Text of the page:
This was a genuine (and physically demanding) lesson to not be penny wise but pound foolish. If the appropriate money had been budgeted, then there would have been no risk of losing a day of filming, something that would have been a very costly mistake.

Who are some of the most interesting people you have interacted with? What was that like? Do you have any stories?

Being involved with the production of films has brought me in contact with many actors and actresses that I had previously only known from seeing them on screen. Meeting action stars like Jean Claude Van Damme and Dolph Lundgren was incredible because I grew up watching them blow things up in movies. I think one of the most shocking things initially (and can still seem a bit surreal) is how normal, and down to earth many of the actors and actresses can be.

Last year, while on the set of Money Plane, I got the chance to meet and hand out with Adam “Edge” Copeland. Adam is a professional wrestler and a big guy, so he can cut a somewhat intimidating figure. While at the craft services table with my business founder, Richard Switzer, Adam came up to get a cup of coffee. We were making small talk, and while he was looking for creamer, it came out that he liked Pumpkin Spice coffees. It was hysterical to think of this big and tough professional wrestler being ‘basic’ and wanting a pumpkin spice latte. It became a bit of an ongoing joke, and we made sure to have pumpkin spice for him, but it showed the down-to-earth side of these stars.

What are some of the most interesting or exciting projects you are working on now?

We are fortunate enough to be at a point where we get a relatively large number of filmmakers to reach out to us with projects. We only rarely invest in projects other than our own, but we have been able to help many new filmmakers out by giving them advice and helping them make connections.

In this way, it is not an individual project that is in itself exciting, but the ability to work with the next generation of storytellers who have new and fresh ideas and ways of getting their points across.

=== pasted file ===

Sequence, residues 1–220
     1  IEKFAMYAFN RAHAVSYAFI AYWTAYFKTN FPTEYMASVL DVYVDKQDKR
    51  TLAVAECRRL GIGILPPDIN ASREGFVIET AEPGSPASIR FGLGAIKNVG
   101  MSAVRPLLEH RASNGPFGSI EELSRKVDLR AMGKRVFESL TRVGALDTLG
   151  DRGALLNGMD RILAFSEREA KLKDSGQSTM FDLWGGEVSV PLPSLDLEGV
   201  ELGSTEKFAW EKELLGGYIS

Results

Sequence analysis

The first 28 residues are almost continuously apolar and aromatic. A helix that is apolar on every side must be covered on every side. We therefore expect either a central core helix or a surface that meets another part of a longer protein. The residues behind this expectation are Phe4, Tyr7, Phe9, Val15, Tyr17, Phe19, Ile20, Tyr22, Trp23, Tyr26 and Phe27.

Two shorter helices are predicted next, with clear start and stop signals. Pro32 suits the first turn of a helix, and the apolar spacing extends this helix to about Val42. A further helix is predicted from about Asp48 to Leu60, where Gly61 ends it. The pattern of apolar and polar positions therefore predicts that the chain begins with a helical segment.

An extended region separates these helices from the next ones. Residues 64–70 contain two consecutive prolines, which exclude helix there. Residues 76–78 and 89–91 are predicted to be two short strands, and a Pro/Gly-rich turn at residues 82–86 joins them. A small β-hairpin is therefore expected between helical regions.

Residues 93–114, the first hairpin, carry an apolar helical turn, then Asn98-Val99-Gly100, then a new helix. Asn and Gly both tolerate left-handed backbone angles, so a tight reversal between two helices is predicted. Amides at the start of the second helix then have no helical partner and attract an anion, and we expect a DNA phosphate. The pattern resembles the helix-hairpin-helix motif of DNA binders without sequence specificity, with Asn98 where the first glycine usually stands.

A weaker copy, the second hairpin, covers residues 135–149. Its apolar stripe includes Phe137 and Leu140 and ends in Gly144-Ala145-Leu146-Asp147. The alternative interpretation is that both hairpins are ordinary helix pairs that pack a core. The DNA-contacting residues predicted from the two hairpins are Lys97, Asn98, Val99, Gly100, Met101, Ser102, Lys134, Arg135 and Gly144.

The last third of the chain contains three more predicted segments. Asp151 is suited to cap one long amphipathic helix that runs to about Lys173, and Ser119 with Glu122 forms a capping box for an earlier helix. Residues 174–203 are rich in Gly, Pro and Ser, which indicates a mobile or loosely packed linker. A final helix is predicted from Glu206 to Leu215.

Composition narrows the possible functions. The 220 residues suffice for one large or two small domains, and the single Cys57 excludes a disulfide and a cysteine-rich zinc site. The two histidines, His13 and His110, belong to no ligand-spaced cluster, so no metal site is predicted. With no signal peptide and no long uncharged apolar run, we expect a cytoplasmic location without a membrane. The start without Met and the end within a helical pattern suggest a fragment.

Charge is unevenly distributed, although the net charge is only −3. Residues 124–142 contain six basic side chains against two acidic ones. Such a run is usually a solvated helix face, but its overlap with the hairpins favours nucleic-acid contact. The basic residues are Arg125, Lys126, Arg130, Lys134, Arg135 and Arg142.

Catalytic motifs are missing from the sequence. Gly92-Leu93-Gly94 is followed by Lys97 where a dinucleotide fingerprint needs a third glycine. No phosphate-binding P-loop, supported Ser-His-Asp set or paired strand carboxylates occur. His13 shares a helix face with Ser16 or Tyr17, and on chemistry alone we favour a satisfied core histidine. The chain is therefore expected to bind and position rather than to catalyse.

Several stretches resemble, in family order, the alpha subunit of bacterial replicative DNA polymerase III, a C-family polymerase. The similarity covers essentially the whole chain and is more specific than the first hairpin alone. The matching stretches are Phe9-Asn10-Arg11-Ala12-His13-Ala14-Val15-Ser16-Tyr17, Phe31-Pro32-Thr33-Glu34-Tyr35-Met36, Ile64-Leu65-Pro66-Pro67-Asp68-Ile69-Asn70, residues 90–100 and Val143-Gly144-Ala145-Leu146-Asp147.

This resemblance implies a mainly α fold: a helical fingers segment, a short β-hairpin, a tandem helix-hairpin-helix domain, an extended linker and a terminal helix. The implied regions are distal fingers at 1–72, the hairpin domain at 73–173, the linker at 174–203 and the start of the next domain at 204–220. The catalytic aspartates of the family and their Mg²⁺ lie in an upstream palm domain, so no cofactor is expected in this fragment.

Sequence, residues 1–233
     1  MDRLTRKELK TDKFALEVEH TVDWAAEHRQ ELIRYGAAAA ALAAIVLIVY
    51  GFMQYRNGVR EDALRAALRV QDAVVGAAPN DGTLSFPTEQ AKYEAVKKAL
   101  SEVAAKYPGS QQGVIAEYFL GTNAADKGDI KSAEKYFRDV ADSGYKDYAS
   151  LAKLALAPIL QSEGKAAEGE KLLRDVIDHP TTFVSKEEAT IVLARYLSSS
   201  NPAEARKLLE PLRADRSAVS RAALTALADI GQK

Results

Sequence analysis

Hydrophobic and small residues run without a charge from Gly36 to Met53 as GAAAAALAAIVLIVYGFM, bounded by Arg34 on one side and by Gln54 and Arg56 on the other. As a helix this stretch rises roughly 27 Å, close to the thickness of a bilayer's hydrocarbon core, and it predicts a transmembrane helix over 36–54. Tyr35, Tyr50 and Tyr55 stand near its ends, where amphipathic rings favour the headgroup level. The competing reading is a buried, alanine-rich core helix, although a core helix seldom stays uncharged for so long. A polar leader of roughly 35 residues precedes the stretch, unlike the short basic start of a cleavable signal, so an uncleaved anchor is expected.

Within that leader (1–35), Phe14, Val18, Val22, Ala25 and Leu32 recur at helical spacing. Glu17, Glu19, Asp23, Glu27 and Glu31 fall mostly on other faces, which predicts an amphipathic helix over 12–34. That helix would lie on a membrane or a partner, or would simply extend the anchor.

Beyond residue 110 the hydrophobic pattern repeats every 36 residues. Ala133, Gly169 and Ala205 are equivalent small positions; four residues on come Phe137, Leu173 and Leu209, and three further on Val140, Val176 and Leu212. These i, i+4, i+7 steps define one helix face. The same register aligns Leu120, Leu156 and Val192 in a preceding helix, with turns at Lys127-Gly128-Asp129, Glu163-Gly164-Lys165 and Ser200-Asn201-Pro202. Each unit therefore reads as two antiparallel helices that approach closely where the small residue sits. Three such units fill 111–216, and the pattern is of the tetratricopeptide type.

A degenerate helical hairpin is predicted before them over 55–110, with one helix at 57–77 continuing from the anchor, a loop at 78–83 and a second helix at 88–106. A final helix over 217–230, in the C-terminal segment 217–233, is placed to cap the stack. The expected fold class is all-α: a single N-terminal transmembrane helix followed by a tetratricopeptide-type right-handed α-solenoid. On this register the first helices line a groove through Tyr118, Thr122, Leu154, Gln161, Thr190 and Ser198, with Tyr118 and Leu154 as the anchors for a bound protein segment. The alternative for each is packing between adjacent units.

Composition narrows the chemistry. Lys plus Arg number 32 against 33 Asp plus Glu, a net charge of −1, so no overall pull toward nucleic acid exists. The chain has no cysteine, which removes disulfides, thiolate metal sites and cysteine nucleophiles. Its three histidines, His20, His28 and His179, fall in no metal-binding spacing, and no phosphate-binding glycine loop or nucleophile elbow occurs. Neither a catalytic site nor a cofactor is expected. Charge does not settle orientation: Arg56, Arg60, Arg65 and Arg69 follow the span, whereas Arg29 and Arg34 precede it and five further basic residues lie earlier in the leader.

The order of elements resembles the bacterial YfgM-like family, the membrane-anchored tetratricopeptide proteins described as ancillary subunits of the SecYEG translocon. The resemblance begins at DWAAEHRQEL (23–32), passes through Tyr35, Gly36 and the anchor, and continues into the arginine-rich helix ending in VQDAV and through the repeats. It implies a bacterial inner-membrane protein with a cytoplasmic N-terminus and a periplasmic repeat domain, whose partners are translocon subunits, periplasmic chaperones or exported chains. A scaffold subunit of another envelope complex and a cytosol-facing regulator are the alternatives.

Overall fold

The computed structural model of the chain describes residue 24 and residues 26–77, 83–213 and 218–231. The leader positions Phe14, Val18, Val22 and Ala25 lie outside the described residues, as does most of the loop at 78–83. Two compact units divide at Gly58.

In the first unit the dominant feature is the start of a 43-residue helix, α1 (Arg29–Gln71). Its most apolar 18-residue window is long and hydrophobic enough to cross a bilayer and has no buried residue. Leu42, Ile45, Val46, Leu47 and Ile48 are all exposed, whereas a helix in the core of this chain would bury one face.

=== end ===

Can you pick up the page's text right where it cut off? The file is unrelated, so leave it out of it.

Which people in history inspire you the most? Why?

Teddy Roosevelt is always inspiring. Growing up sickly, he transformed himself through hard work and determination. He led an adventurous life and one of service, balancing some very ego-driven characteristics with a mind for helping others. He led with the belief that those who had been fortunate had a responsibility to do good for others with it, his quote “Much has been given us, and much will rightfully be expected from us” is more famous these days in its adaption by Spiderman’s Uncle Ben “With great power comes great responsibility.”

Let’s now shift to the main focus of our interview; how are you using your success to bring goodness to the world? Can you share with us the meaningful or exciting social impact causes you are working on right now?

For the last few years, we have been working to move our film production in an environmentally friendly way with the goal of producing carbon-neutral films in the future. With the upheaval that the Coronavirus has caused, we have to rethink some of our policies, but as we are starting back to filming, we are finding a balance between the health and safety of our crew and not losing the advances we have made in being environmentally friendly.

Many of us have ideas, dreams, and passions, but never manifest it. But you did. Was there an “Aha Moment” that made you decide that you were actually going to step up and take action for this cause? What was that final trigger?